GFW News Roundup: Forest stories from around the world that demonstrate the power of spatial analysis and open data in improving management of forest landscapes.
This News Roundup was in collaboration with the Forest Legality Alliance.
Top Reads of the Week:
“Scientists Are Color-Coding Forests To Make Maps Showing Best Path To Conservation,” 14 June, Tech Times
At A Glance: The Carnegie Airborne Observatory, as its name suggests, is not a building but a twin-engine plane. Equipped with pulsing lasers, the planes allow scientists to create 3D maps of forests. What really makes these planes so useful for conservation efforts is the onboard spectrometer, a device that measures chemical features based on the way light gets reflected off of objects. Using these devices, scientists can make large-scale 3D maps of forests that show the invisible differences in the trees’ chemical compositions in bold — and often beautiful — colors.
“Consumers willing to pay sharp premium for wildlife-friendly palm oil, claims study,” 15 June, Mongabay
At A Glance: Shoppers may be willing to pay a 15 to 56 percent premium for palm oil produced without the destruction endangered species’ habitat, asserts a new study published in the Proceedings of the National Academy of Sciences.
“Are we undervaluing forests’ role in the world’s growth story?,” 15 June, The Nature Conservancy
At A Glance: For many in the world of corporate behemoths and entrepreneurial start-ups, the solutions to our climate and environmental challenges are technological. But the urgency of our changing climate and degrading environment means we don’t have the luxury of simply relying on technology cost-curves coming down, or on sustainability being fully embraced by investors and shareholders in their market valuations.
“From poachers to forest guides: Cambodian loggers turn to tourism,” 16 June, Deutsche Presse-Agentur
At A Glance: Illegal logging in Cambodia is a persistent threat to the environment but worth millions of dollars. One ecotourism group is trying to fight it one logger at a time, retraining them as hiking guides.
“Rainforest parks cut malaria transmission,” 16 June, Mongabay
At A Glance: Strictly protected areas in the Brazilian Amazon are associated with lower rates of malaria transmission than extractive reserves, mining zones, and areas with roads, reports a paper published this week in Proceedings of the National Academy of Sciences. The findings add to a growing body of data suggesting that conservation efforts contribute to human welfare.
“Bolivia opens protected areas to oil companies,” 16 June, Mongabay
At A Glance: Bolivia has opened millions of hectares of protected areas to oil and gas extraction, reports The Guardian. The law, passed last month, grants exploration rights in at least 11 of Bolivia’s 22 protected areas, including up to 75 percent of Madidi National Park, a renowned protected area that hosts 11 percent of the world’s bird species.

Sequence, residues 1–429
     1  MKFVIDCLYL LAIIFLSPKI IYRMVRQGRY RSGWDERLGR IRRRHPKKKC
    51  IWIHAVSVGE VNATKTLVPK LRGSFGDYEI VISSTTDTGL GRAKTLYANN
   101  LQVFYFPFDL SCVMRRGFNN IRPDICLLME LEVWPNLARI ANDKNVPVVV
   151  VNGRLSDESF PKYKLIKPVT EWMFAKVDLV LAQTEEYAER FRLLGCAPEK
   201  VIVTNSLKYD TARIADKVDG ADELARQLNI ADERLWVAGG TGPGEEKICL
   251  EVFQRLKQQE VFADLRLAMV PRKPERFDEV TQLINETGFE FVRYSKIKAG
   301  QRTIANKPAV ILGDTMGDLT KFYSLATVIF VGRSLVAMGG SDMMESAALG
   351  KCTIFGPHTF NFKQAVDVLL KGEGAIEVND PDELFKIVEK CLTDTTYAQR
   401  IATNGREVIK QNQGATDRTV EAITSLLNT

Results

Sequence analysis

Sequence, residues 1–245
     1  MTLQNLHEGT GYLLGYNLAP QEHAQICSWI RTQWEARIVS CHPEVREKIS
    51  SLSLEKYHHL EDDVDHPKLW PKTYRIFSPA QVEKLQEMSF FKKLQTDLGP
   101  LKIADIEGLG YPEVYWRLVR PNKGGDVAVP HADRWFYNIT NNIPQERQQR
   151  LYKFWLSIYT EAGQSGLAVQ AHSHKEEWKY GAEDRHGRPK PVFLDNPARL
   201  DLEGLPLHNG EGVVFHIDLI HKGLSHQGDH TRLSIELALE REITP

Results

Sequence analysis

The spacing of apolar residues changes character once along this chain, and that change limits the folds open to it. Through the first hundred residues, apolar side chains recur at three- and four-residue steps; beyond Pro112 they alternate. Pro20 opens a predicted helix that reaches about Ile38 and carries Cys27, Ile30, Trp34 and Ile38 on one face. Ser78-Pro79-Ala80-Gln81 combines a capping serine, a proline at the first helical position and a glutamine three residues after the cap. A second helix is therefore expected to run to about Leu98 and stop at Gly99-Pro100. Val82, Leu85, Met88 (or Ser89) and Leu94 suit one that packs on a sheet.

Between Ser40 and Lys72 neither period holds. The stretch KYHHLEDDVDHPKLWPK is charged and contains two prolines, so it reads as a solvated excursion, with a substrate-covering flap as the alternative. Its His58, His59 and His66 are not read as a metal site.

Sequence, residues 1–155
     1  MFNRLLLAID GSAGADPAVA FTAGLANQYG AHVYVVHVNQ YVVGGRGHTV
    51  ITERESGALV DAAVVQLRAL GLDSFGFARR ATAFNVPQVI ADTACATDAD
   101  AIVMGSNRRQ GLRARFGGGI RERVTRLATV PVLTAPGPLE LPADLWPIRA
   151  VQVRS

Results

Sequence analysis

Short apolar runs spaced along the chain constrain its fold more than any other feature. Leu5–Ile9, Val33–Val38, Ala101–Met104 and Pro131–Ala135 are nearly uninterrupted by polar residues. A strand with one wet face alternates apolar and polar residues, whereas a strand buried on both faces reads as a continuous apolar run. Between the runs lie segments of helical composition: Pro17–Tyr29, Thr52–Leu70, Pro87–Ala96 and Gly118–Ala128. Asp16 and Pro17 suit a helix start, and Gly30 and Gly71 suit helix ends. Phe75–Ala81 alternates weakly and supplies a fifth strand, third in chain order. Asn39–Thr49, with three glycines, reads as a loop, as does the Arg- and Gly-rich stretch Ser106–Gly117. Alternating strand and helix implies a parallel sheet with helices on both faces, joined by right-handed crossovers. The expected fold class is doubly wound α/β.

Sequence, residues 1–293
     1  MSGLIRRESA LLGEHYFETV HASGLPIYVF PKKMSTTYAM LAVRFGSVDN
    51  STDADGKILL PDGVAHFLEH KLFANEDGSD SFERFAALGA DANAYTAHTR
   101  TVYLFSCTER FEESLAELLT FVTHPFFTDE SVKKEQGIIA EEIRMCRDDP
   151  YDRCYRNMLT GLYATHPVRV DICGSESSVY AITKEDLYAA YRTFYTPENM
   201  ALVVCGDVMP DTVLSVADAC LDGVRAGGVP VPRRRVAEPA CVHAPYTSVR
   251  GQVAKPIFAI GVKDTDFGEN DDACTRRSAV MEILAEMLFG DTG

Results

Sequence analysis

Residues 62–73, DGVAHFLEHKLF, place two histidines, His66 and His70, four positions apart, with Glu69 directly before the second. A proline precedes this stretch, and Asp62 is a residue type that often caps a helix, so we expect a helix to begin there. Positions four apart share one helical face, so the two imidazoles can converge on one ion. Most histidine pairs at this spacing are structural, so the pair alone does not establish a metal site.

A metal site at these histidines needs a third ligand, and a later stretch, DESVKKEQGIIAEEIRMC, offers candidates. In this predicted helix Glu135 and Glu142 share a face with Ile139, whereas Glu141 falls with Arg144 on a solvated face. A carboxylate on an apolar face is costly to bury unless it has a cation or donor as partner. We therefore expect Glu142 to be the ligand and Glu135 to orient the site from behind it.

“FDA bans artificial trans fats, paving way for more U.S. palm oil consumption,” 16 June, Mongabay
At A Glance: The U.S. Food and Drug Administration (FDA) today ordered food manufacturers to stop using trans fats within three years, potentially paving the way for increased palm oil consumption in the United States.
“Saving forests and keeping promises in the green supply chain,” 17 June, GreenBiz
At A Glance: Fast-food companies get a bad rap, but with good reason. Their beef often comes from farms and fields that were tropical rainforests just a few short years ago. So does the soy they feed their chickens, and so does the palm oil they use to make their shortening bread. Even their coffee and the paper they use to make their packaging often come at the expense of forests — and let’s not even talk about the Styrofoam. But “often” isn’t the same as “always,” and ultimately, we, the consumers, drive demand — because we do have a choice.
“Study Claims Yellowstone Forests Could Disappear Due To Climate Change,” 17 June, Wyoming Public Radio
At A Glance: Like the enormous herds wild of bison that once thundered across the west, in coming years the forests of Yellowstone may, too, become few and far between. Radio story.
“Indonesia’s latest logging ban leaves forests at risk – experts,” 18 June, Reuters
At A Glance: Indonesia’s recent renewal of a ban on new logging permits will not be enough to curb pressures on its forests without stronger enforcement on the ground, researchers and activists say. Nirarta Samadhi, director of World Resources Institute (WRI) Indonesia, said if the government had not extended the ban, it would have been a step backwards for natural resource governance. “We would likely have seen a rush to exploit Indonesia’s forests,” said Samadhi.